The best of Baudelaire - something I revisit when I'm in the mood to sigh. Because it is popular both among modern day francophones and students taking introductory courses, literature connoisseurs sometimes dismiss the swooning praise it garners as evidence of generic, unrefined taste. ("Of course you like Baudelaire's LE SPLEEN DE PARIS. I suppose ROMEO AND JULIET is your favorite play, too?") But Baudelaire and Shakespeare deserve their secure places in the foundations of their respective languages' literary canons. Their works prove the universality of human experience through their capturing the attention and breath rate of almost anyone. Bestseller works like THE DAVINCI CODE or THE YA-YA SISTERHOOD often seem mundane or generic because they appeal to wide audiences - but popularity is neutral, not detracting. It is the overwhelmingly acetone aroma of the heavy packaging born out of focus group studies and manufactured according to very basic formulae that repels readers hoping to have been treated more respectfully by Dan Brown or Rebecca Wells. Instead of staring at masses of readers of past best-sellers as he scribbled away, Baudelaire turned inward, glancing outward only to describe the world rather than patronize and placate it.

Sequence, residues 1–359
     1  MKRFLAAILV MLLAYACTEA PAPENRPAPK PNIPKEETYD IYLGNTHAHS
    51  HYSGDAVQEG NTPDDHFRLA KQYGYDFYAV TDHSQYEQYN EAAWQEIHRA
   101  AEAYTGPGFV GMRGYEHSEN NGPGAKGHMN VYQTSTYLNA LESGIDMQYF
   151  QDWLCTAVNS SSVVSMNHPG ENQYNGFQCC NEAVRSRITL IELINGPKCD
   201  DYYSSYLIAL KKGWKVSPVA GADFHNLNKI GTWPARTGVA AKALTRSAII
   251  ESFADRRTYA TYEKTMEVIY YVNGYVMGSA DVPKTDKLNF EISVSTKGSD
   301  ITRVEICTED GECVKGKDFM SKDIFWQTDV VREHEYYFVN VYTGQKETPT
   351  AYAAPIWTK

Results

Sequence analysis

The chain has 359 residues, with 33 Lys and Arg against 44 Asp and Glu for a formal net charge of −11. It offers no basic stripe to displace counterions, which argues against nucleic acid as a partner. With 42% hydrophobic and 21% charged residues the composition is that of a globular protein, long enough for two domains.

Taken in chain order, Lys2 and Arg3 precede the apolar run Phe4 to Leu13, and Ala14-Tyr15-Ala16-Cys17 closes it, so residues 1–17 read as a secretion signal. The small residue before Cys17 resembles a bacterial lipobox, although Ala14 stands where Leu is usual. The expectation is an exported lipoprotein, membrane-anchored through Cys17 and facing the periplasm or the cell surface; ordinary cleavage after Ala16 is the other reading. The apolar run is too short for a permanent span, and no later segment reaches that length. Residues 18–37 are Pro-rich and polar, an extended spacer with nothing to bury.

• Aliaa Mohamed
    2018-10-21 03:13

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  • محمد الهاشمي
    2018-10-03 00:17

    بودلير يبقى شاعري الفرنسي الأفضل... ويمثل العلامة البارزة لشعر ما قبل الرومانسية الفرنسية التي أسسها فيكتور هوغو..ولا عجب أن المبدع الانجليزي الرائع إدغار ألان بو تأثر به كثيرا وترجم له. أما في "سأم باريس" فيغني بودلير -في قصائده النثرية- للكلاب المشؤومة التي تعج بها مدينته وشوارعها.. والتي تعرف السعداء من التعيسين الذي يشبهون كنه بؤسها مع فارق أنها تريد للتعاسة أن تتغير أما البشر التعساء فقابعون في حضيض السأم الذي تحمله هموم الأمس واليوم والغد ويرفضون الاعتراف أنهم أسوأ حالا وحالة من ذوي القوائم الأربعةفي الكتاب لمن يعرف باريس أكثر من مجرد وصف جميل لسحر هذه المدينة وغموضها وقبحها...